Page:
On March 26, 2019, Turkey and Russia declared the launch of the first ‘coordinated and independent’ joint patrol in the city of Tell Rifat, which the de-escalation agreement covers. The last patrol, nonetheless, was operated in mid-August.

In mid-March 2019, the first Turkish patrol, in cooperation with the Russian Military Police, was deployed on the outskirts of the city, on the line separating areas held by the SDF and those controlled by the National Army (NA), on the fronts of Ayn Daqnah, Mara’anaz and Minaq in the northern rural parts of Aleppo.

 

Idlib’s ‘demilitarized zone’:  The Turks and the Russians

Russia also attempted to apply the patrol-based scheme on the areas held by the armed opposition in Idlib province and the rural parts of Hama, relying on the Sochi deal, signed by the Russian President Vladimir Putin and his Turkish counterpart Recep Tayyip Erdoğan in September 2018.

The ‘Demilitarized Zone’ deal has dominion over Idlib province’s fate and its geographical demarcations despite the obstacles that hampered the enforcement of all its terms.

The deal’s terms, ten in number, provide for establishing a demilitarized zone, 15-20 kilometers deep into the ‘de-escalation agreement’s’ areas, in addition to tasks assigned to the Turkish forces and the Special Military Police, which are “[to launch] coordinated patrols and make monitoring efforts using drones along the borders of the demilitarized zone.”

Nonetheless, the opposition factions, operating in Idlib province, refused the entry of Russian patrols into the areas they held. In retaliation, the Russian and the Syrian regime forces embarked on a military offensive on the borders of the ‘demilitarized zone’, despite the military patrols that Turkey deployed in the area.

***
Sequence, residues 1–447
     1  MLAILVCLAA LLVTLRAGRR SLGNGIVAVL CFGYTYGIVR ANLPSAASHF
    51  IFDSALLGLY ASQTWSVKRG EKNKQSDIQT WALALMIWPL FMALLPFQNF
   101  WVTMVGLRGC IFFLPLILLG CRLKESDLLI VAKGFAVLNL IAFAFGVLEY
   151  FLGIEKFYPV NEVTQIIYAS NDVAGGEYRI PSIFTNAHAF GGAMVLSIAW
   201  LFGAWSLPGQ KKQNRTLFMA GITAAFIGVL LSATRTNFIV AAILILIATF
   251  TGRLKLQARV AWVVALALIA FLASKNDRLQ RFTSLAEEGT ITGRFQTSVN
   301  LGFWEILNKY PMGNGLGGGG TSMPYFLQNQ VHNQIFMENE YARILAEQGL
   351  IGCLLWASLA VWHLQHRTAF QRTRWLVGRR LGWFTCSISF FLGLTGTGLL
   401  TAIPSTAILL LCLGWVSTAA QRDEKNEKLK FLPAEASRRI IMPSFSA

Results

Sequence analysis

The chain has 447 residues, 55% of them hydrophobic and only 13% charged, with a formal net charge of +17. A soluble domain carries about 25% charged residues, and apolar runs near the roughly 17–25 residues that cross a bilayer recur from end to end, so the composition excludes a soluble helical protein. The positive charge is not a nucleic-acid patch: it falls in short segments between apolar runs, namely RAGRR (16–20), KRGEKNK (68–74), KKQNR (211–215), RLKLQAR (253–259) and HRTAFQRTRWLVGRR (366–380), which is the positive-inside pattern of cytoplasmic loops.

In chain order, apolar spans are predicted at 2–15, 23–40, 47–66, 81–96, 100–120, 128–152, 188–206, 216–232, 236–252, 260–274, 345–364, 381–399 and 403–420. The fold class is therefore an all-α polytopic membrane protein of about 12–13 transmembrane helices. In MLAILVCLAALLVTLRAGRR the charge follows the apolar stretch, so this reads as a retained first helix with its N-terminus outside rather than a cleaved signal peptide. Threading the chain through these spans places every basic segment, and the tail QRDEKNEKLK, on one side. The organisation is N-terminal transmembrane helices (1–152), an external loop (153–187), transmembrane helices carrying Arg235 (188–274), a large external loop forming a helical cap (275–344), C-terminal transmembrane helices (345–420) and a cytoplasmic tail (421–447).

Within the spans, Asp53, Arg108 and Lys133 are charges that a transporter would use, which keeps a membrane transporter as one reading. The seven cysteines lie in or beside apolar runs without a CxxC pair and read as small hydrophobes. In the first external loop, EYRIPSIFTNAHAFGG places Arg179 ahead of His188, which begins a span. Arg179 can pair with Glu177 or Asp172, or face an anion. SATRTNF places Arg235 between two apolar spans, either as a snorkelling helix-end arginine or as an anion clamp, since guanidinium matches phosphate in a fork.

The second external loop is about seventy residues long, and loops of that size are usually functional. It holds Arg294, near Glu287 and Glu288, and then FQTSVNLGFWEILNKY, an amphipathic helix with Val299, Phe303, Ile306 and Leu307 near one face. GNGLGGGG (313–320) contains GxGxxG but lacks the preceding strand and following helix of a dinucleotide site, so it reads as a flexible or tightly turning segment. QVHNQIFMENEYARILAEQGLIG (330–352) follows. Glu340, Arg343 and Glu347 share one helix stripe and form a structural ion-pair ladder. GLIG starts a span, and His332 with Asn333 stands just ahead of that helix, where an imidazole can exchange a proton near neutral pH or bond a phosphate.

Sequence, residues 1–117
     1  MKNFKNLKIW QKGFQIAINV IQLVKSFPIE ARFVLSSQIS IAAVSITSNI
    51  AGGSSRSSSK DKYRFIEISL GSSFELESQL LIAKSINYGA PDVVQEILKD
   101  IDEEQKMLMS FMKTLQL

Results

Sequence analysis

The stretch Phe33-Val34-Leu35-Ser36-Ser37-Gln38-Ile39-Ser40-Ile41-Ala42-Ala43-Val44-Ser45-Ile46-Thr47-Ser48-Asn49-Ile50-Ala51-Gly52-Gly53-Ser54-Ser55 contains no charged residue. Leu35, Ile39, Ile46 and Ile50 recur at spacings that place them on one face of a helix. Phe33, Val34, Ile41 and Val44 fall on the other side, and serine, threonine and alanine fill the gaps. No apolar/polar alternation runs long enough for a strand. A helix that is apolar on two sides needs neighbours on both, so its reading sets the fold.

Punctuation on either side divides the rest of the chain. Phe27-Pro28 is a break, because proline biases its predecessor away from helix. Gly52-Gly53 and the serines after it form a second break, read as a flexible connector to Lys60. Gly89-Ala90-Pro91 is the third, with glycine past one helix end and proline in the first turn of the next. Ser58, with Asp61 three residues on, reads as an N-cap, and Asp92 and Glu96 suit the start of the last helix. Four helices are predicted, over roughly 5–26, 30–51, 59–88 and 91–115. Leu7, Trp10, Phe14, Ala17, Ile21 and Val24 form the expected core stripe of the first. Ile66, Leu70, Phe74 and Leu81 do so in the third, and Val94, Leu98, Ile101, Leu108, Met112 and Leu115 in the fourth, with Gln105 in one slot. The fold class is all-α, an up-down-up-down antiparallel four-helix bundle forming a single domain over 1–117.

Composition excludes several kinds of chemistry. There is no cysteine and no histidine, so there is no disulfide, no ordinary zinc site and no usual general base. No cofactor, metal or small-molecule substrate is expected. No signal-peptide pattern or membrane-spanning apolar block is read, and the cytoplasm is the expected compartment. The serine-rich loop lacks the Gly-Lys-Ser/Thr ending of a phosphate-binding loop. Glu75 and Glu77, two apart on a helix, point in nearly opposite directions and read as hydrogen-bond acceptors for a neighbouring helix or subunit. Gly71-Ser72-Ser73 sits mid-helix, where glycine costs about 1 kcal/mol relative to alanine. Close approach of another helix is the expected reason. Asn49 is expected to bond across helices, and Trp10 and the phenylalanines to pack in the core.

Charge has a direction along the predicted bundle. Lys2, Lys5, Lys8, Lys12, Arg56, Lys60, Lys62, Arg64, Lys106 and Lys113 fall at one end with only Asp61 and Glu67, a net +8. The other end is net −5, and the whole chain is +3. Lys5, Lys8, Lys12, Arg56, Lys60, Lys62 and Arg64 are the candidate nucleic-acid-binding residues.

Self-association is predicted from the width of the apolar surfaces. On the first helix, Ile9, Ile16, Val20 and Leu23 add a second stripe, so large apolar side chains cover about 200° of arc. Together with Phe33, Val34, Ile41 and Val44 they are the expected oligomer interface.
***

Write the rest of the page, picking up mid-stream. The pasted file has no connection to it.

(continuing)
On August 27, 2019, the Russian Minister of Defense, Sergey Shoygu, said that “Idlib agreements are being implemented, however, there are some difficulties.”

“Turkey is carrying out patrols inside the de-escalation area, while Russia continues to carry out patrols outside the area,” the Russian Minister of Defense added.

 

East of the Euphrates: The Turks and the Americans

In early August 2019, Turkey and the U.S. concluded an agreement providing for establishing a ‘safe zone’ in north-eastern Syria, along the borders with Turkey. Both sides also agreed to operate joint patrols in the area.

Despite the haziness of the area’s details and the contradictory geographical dimensions that the Turks and the Americans are proposing, Turkey declared that joint patrols are to start on Sunday, September 8, according to a statement by the Turkish Minister of Defense Hulusi Akar.

Quoted by the Anadolu Agency, Akar added that “we consider the joint Turkish-U.S. helicopter flight in Syria’s north a chance to observe all that must be done on the ground, including the destruction of the terrorist fortifications.”

On August 7, 2019, Turkish and U.S. military officials agreed to set up a joint operations center to urgently perform initial measures, addressing Turkey’s concerns over its southern borders with Syria.

“The safe zone shall become a peace corridor, and every effort shall be made so that displaced Syrians can return to their country,” according to a statement by the American Embassy in Ankara.